He claimed, "This is really old-fashioned embezzlement — it's not sophisticated at all."
Bankman-Fried had been expected to testify at the hearing, but he was removed from the witness list following his arrest.
What did FTX tell customers it was doing?
FTX's customers used the exchange to buy, store and trade hundreds of different cryptocurrencies, including bitcoin, ether, solana, litecoin and dogecoin. At one point, $840 million worth of crypto assets were exchanged on its platform each day, according to CoinMarketCap.
FTX gained national attention with its expensive Super Bowl ads this year featuring quarterback Tom Brady and comedian Larry David. In the Larry David ad, when the comedian is told that FTX is a "safe and easy way to get into crypto," he responds, "Eh, I don't think so — and I'm never wrong about this stuff."
FTX portrayed itself as being able to help people interested in crypto safely navigate the complexity of what is a notoriously risky asset class. But the company had very few internal controls to protect customer assets, with investor money transferred to Alameda and customer funds co-mingled into "one pot of crypto," Ray testified on Tuesday.
What led to FTX's collapse?
Ray and regulators are examining the internal workings of FTX to get to the bottom of the failure, but the company unraveled in early November after finding itself billions of dollars in debt due to speculative investments, including in the company's own digital coin, that turned sour and a series of other miscalculations.
Bankman-Fried has said he mistakenly believed FTX had enough cash on hand to pay 24 times the amount of money users typically withdraw in a day. In actuality, the firm had a much thinner capital cushion, with only enough cash to pay 0.8 times that amount.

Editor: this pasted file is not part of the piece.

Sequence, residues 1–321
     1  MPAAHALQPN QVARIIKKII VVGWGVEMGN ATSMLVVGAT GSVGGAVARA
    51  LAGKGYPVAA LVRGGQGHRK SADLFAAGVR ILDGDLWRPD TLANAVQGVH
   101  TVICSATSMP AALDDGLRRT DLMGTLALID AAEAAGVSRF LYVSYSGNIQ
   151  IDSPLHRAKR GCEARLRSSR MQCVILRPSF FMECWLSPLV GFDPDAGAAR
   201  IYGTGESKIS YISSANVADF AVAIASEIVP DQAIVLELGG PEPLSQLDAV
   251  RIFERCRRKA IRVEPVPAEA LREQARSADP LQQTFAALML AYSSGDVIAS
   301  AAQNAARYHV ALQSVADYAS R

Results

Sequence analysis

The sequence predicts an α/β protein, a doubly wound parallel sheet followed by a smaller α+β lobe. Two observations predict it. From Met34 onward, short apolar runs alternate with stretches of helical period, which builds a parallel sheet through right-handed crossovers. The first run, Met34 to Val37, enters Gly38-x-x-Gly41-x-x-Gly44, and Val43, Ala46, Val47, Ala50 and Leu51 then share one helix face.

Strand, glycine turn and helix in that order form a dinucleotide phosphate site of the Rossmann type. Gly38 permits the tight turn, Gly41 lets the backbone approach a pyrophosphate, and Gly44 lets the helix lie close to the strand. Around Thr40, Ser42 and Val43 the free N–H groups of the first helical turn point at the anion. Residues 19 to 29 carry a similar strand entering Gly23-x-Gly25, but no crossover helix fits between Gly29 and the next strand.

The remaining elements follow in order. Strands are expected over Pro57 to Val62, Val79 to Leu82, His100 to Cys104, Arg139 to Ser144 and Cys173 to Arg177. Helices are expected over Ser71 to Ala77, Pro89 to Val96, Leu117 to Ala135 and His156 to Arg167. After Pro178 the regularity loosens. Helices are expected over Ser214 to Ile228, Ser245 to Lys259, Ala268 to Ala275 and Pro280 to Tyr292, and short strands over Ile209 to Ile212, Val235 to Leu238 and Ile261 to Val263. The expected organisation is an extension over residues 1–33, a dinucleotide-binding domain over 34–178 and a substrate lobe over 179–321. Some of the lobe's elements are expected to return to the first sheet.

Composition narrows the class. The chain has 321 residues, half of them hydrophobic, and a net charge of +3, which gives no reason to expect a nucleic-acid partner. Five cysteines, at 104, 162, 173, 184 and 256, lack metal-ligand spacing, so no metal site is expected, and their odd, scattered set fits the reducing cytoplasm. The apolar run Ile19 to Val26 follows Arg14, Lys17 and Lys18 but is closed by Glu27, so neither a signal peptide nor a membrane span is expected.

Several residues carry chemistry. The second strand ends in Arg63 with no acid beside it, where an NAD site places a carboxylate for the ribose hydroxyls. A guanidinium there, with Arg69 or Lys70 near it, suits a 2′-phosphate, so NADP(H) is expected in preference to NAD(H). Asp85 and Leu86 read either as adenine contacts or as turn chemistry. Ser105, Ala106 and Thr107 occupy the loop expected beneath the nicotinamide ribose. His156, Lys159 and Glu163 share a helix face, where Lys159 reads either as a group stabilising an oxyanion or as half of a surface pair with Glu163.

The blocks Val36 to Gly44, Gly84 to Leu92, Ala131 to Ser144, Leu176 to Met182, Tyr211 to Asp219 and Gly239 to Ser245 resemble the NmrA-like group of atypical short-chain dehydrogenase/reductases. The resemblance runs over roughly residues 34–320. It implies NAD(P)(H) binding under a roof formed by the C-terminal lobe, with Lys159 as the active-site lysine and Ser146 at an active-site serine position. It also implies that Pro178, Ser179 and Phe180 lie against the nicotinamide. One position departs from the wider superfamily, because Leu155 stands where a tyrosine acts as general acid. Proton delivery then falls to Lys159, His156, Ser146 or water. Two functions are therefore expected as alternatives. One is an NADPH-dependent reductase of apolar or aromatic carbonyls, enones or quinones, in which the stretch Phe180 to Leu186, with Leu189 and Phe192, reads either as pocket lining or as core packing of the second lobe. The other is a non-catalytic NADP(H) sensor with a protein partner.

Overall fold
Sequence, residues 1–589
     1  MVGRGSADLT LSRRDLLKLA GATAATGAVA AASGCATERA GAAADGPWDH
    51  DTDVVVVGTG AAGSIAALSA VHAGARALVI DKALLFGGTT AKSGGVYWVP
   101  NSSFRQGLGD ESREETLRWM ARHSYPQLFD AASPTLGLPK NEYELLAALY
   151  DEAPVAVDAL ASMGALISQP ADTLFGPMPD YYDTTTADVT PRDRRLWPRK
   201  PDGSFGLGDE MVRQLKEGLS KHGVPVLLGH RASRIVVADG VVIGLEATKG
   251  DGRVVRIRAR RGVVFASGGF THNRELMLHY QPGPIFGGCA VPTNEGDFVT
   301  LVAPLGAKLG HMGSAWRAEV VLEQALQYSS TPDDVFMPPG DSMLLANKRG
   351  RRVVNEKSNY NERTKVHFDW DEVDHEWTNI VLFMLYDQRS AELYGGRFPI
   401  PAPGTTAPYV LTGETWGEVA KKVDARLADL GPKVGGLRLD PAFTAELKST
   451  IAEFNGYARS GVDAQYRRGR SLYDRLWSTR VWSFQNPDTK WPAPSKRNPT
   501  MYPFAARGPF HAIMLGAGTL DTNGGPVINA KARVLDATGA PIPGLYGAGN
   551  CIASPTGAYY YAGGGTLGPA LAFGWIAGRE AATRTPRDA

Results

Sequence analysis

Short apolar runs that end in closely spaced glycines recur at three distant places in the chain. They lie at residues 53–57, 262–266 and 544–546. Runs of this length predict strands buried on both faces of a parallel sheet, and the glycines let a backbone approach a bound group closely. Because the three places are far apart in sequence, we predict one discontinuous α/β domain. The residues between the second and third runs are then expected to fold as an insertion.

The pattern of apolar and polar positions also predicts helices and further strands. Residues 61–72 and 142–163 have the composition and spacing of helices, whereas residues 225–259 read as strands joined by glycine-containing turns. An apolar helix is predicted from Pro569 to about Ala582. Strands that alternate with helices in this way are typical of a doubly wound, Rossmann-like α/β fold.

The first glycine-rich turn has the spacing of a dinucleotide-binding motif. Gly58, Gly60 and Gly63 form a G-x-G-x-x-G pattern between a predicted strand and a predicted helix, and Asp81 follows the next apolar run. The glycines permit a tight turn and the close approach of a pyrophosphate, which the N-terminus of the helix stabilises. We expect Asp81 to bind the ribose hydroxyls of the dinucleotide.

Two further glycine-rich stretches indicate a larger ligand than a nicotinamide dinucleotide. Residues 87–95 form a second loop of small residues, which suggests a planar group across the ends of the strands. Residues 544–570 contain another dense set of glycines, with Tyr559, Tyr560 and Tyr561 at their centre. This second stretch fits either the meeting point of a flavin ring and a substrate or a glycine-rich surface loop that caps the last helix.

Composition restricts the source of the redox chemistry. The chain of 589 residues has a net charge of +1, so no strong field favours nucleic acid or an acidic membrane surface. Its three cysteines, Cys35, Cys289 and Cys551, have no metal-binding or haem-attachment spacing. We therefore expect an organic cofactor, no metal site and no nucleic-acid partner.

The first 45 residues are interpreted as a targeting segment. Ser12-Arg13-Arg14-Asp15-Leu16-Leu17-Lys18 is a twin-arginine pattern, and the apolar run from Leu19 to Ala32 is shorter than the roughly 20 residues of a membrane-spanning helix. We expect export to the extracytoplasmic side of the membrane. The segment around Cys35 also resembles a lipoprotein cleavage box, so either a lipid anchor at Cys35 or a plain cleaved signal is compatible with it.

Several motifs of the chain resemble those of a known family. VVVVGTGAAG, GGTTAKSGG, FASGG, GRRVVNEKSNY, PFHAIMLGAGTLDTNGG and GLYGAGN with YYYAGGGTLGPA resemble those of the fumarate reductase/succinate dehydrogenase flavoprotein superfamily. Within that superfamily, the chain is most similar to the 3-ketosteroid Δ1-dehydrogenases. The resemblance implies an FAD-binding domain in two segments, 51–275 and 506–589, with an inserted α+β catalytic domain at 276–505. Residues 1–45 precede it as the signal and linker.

When customers sought to withdraw their money amid fears about the company's solvency, there was "a run on the bank," Ray said on Tuesday.
Ray highlighted other issues with FTX, such as its misuse of customer funds and what he alleged was Bankman-Fried's decision to make investments without properly valuing the assets.
"By definition I don't trust a single piece of paper in this organization," Ray said on Tuesday.
What happens now?
The U.S. is expected to ask authorities in the Bahamas to extradite Bankman-Fried, which experts said is likely within the scope of a 1931 treaty between the two countries.
Because of that existing legal framework, "This would be a moment where one could strike while the iron is hot," Michael Parker, head of anti-money laundering and sanctions practice at law firm Ferrari & Associates, told CBS News. "If Mr. Bankman-Fried, for instance, went to another jurisdiction, it could be more difficult, and so the Bahamas may have been seen as a friendlier jurisdiction from which jurisdiction could take place."
In pursuing the case against Bankman-Fried, Parker said prosecutors will have to show that he knowingly committed the alleged crimes outlined in their indictment beyond a reasonable doubt.